Developing global leadership for the future is the key focus of Talent Management initiatives by companies around the world. Cartus believes you can’t start too early, and one of the ways we support this is through our annual scholarship awards for dependent children of our employees.
All of this year’s 20 scholarship applicants are highly motivated achievers whose accomplishments made the selection committee’s work extremely difficult. But our three student winners are truly exceptional and could serve as examples for the rest of us, regardless of age or experience. In fact, I think we can all agree that if these extraordinary young people are indicative of the world’s future leaders, then their working world will be a place where excellence is the standard.
This year’s recipients have all earned outstanding GPAs and have compiled enormously impressive records of participation in projects at school, in their communities, and even globally.
Here are snapshots of each:
Anna Northrop grew up in Sandy Hook, CT, andspent two summers living and working in different areas of Africa. This combination of experiences has led her to a passion for both community and global health issues. A talented student, athlete, and leader, Anna plans to pursue her dream of making a difference in global health issues via a major in human biology at Stanford University.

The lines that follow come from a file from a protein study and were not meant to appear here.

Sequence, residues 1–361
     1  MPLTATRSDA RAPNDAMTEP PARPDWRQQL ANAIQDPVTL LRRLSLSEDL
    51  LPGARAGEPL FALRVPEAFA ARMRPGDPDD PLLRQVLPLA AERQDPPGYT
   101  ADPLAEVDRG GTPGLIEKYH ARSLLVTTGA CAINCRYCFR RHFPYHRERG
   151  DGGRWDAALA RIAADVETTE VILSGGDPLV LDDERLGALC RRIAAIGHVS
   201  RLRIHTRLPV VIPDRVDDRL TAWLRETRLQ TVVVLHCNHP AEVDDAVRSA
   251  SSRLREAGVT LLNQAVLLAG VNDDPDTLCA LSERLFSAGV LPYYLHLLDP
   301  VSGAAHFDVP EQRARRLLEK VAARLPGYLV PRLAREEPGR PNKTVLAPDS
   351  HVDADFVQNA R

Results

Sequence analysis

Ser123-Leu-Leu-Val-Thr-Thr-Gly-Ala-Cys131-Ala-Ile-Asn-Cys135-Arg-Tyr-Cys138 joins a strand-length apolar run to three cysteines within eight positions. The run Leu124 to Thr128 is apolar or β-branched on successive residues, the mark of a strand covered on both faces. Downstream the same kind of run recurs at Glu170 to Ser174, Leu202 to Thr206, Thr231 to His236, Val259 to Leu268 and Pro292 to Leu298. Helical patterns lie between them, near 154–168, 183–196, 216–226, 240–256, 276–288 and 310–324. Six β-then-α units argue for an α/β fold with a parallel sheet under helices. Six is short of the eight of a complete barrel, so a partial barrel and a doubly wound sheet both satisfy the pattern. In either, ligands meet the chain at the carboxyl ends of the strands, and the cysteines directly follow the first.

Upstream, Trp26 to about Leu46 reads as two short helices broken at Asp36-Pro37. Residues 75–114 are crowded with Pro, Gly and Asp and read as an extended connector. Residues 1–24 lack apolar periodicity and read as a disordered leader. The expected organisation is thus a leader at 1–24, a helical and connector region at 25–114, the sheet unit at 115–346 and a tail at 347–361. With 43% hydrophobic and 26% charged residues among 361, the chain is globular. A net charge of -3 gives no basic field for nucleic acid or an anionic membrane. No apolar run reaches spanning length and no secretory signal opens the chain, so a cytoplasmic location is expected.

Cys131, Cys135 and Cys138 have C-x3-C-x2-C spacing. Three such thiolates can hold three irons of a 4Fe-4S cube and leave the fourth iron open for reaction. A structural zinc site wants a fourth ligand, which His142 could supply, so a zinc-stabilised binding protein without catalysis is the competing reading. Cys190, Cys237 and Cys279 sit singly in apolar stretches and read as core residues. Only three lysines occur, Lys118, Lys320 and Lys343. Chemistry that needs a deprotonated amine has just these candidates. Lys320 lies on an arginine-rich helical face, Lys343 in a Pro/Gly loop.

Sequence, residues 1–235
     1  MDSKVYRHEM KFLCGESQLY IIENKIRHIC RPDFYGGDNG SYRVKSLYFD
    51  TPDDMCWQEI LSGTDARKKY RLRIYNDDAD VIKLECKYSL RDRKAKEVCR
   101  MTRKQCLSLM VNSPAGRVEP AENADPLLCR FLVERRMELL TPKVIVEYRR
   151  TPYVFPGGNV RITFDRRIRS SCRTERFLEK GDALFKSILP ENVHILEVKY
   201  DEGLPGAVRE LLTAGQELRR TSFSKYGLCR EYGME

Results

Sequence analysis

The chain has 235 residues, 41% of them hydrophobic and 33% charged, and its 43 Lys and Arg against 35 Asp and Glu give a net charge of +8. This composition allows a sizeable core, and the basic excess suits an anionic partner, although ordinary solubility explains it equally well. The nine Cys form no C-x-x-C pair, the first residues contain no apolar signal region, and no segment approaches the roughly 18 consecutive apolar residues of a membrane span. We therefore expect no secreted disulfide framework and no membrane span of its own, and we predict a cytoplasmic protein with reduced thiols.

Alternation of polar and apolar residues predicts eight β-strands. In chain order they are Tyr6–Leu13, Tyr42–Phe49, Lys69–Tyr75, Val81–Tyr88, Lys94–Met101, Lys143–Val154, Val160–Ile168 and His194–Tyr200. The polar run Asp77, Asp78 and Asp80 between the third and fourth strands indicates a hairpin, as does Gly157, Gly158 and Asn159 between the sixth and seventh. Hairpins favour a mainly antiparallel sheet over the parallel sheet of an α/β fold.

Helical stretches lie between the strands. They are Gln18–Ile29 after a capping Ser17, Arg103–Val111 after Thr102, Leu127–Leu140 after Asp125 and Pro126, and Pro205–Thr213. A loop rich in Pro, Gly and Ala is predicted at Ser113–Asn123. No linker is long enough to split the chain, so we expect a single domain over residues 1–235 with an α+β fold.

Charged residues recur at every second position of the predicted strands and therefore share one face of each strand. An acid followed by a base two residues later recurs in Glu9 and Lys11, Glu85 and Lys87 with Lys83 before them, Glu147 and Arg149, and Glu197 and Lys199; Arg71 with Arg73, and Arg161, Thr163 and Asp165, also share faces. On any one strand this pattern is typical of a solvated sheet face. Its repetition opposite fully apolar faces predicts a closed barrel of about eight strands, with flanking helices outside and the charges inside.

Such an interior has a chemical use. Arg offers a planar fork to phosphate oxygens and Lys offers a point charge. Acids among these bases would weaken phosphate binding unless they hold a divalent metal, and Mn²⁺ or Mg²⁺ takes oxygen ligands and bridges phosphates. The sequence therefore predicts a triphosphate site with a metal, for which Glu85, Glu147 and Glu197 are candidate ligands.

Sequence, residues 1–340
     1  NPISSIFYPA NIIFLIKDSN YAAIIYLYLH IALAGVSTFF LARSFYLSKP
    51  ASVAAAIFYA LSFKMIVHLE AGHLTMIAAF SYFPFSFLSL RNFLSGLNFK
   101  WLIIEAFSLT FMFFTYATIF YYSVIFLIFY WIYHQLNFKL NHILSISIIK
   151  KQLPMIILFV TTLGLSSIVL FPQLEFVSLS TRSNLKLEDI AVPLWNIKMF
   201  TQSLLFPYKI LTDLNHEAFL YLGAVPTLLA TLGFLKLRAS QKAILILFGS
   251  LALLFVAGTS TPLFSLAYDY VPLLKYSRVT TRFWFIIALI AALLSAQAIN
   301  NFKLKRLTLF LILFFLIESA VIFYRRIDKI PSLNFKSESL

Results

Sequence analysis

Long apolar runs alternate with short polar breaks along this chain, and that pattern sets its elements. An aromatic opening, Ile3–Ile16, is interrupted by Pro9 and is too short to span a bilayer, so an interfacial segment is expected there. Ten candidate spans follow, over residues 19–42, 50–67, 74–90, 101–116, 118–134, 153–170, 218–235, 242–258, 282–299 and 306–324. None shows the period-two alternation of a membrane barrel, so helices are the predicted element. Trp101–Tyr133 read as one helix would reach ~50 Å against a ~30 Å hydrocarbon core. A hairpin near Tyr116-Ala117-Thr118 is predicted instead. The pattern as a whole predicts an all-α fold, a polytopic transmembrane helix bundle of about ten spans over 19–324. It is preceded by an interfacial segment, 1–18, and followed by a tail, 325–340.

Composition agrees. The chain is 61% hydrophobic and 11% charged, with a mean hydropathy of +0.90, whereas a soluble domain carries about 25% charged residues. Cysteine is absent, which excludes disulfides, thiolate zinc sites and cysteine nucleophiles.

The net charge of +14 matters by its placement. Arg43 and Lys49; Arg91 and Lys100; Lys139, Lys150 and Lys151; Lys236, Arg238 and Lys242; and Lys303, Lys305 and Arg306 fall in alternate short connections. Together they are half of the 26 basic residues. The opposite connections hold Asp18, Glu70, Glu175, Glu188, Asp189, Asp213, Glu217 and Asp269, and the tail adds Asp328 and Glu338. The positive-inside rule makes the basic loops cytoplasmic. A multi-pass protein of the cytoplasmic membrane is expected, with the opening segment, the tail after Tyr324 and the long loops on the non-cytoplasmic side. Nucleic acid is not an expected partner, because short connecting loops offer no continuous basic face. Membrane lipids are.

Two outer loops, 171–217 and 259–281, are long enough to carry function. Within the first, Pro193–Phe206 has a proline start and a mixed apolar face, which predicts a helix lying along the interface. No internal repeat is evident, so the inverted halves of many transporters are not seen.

Anna is the daughter of Marketing Vice President Shelley Northrop. She has been awarded a $2,000 Cartus scholarship.
Kelly Roper, a Bethel, CT, resident, has been an active volunteer in her community as well as at school. She is a scholar and a leader in various community-service groups, but her first love is the performance arts. She is a musician, an actress, and a singer who plans to study all aspects of the theater world at Suffolk University.
Kelly is the daughter of Supply Chain Director Ken Roper. She has been awarded a $1,000 Cartus scholarship.
Patrick Murphy of Shelton, CT, is a high achiever in the realms of both athletics and scholarship. He is a dedicated community volunteer and at school, he served as captain of the Yale Physics Olympics team. Writing about his baseball career, he describes himself as a “sacrifice bunter” whose goal is not necessarily to get on base but instead, to enable his team’s victory in any way he can. He plans to study mechanical engineering at Rensselaer Polytechnic Institute.
Patrick is the son of IT Project Manager Thomas Murphy. He has been awarded a $1,000 Cartus scholarship.
Young people like Kelly, Patrick, and Anna—and all of our applicants—give us faith that the world’s future is in very good hands!